“Just forget your self a little and turn loose and let the undifferentiated aiki flow through you, and see what happens.”
Nor were there names of waza. That just knocked me over when I first learned of it. Ueshiba didn’t call kotegaeshi, kotegaeshi he just called it aikido. He didn’t call iriminage, irirminage, just aikido. No names at all – Just undifferentiated aiki. The flow of the moment did this, so he did that, and there you have it, just AIKIDO, expressing itself through him in a multitude of ways. He didn’t teach techniques, he just taught aikido.
There were just actions and reactions — the expression of what he did from the general principles he embodied. Whatever he did–whatever stuff happened was aikido. No organizing structures, no teaching devices like kihon, katas or the like. Everything was Henka; everything was just variations on the general themes. And he made that work—and work well – he was the top of the heap, ultimate martial artist of his time and place. And he was tested—tested like no one else I’ve learned of since— shinken shobu–tested with live steel and if the legends are right, bullets too. Bullets may be a bit far, there might be some smoke and mirrors showmanship here, but nonetheless it is pretty well known that he took on all comers, judo, kendo, sumo you name it—he was unrivaled by all accounts, both armed and unarmed.
Names of techniques and katas and such came later. Much later. Had to be introduced by a whole other crowd. Gave students and teachers something to hang on to conceptually. Made for a simpler (and paradoxically in some ways more complex) learning experience. Of course some of that structure probably harkens back to the aiki predecessor, Daito Ryu—but I have to think that there is a substantive difference here. If Ueshiba was just teaching Daito Ryu, then why go to the trouble to found his own thing? There is certainly lots of Daito Ryu stuff in his work but I would argue that he wasn’t just reinterpreting Daito ryu curriculum. His was a unique new expression in martial arts that had unique aims and purposes. Once we’re in AIKIDO, we’re just not in Kansas anymore– it just ain’t old Takeda’s world at all. Ueshiba’s expression was something new, creative and inspiring—and originally undifferentiated.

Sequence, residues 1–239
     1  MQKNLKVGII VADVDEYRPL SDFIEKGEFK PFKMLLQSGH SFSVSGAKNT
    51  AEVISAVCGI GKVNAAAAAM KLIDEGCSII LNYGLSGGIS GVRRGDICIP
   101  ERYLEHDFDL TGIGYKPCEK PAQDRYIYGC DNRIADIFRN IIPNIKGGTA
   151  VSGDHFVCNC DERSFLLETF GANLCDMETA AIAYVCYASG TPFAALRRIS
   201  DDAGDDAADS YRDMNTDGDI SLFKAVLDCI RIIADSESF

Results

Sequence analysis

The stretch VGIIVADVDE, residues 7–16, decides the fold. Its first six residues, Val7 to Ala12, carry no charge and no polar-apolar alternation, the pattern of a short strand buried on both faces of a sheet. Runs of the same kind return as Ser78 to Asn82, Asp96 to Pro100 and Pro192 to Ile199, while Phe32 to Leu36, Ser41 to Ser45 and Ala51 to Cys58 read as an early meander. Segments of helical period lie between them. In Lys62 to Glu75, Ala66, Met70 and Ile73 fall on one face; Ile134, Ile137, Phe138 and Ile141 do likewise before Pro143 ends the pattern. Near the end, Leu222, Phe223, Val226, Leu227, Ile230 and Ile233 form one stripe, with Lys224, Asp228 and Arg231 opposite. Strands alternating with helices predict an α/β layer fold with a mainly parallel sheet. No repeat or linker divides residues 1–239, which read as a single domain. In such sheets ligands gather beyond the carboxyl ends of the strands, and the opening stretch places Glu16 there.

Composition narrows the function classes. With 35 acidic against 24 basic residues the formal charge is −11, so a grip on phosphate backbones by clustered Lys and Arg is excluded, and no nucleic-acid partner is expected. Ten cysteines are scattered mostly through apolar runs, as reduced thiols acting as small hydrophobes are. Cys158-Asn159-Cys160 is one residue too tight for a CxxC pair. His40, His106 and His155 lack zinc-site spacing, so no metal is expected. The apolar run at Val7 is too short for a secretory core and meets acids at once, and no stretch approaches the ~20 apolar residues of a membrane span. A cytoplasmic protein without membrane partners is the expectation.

That’s still a shocker to someone who has inherited a very systematized, rationalized, kata-oriented approach to aikido– it bakes my noodle, in a good way–I find it fascinating to consider AIKI from this completely different angle; and incidentally, from here to notice that the Rational approach sort of marginalizes the Founder even as it extols his genius. His undifferentiated aiki becomes somehow “less than” our better thought out new fangled systematized ideas— in some ways he is either held up as a god-like figure, whom none can replicate (not good for research purposes–replicable results matter) or he is diminshed/dismissed as an anachronistic spiritual mystic of some sort; while we are modern and better educated, logical , and consequently better equipped to teach the Founder’s art …
Are we really more efficient teachers than Ueshiba? Yea, right. Like he really had trouble teaching guys like Tomiki or Mochizuki or Shioda, come again? Our rationalist fantasy of superiority just allows us permission to deviate from the course.
Still, this reflex away from the mysterious and mystical toward the system of education is natural, evolutionary perhaps. We don’t all have to become spiritually endowed in order to realize benefits from aikido training, but I think what may get lost in such a move (the move toward making the mystery intelligible and known) is a sort of reification, ossifying the fluid concepts of AIKI into “known entities” and then promptly getting stuck on them. There is a beautiful fluidity and power in the undifferentiated and maybe in time we approach it in toshu randori if we’re lucky. But even then it does require that we let go of our knowing and understanding and more pointedly learn to operate out of that part of ourselves that remains undifferentiated too. The old zen proverb says, “to study the way is to study the self, to study the self is to forget the self…” It’s not too scary. Just forget your self a little and turn loose and let the undifferentiated aiki flow through you, and see what happens.